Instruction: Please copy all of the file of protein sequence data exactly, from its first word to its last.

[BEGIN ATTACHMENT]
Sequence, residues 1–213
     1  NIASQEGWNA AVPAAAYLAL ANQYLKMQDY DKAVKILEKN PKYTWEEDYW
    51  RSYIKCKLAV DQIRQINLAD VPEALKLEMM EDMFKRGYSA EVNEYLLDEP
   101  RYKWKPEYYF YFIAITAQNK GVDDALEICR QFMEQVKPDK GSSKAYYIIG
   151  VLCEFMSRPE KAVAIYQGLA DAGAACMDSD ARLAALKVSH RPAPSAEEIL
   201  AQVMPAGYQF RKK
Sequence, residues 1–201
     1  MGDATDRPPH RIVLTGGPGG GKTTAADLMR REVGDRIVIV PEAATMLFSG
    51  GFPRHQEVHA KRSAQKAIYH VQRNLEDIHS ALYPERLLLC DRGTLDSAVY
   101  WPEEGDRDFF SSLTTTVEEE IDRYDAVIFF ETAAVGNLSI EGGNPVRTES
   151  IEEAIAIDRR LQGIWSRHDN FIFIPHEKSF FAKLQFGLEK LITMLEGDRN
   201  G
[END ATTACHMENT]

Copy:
Sequence, residues 1–213
     1  NIASQEGWNA AVPAAAYLAL ANQYLKMQDY DKAVKILEKN PKYTWEEDYW
    51  RSYIKCKLAV DQIRQINLAD VPEALKLEMM EDMFKRGYSA EVNEYLLDEP
   101  RYKWKPEYYF YFIAITAQNK GVDDALEICR QFMEQVKPDK GSSKAYYIIG
   151  VLCEFMSRPE KAVAIYQGLA DAGAACMDSD ARLAALKVSH RPAPSAEEIL
   201  AQVMPAGYQF RKK
Sequence, residues 1–201
     1  MGDATDRPPH RIVLTGGPGG GKTTAADLMR REVGDRIVIV PEAATMLFSG
    51  GFPRHQEVHA KRSAQKAIYH VQRNLEDIHS ALYPERLLLC DRGTLDSAVY
   101  WPEEGDRDFF SSLTTTVEEE IDRYDAVIFF ETAAVGNLSI EGGNPVRTES
   151  IEEAIAIDRR LQGIWSRHDN FIFIPHEKSF FAKLQFGLEK LITMLEGDRN
   201  G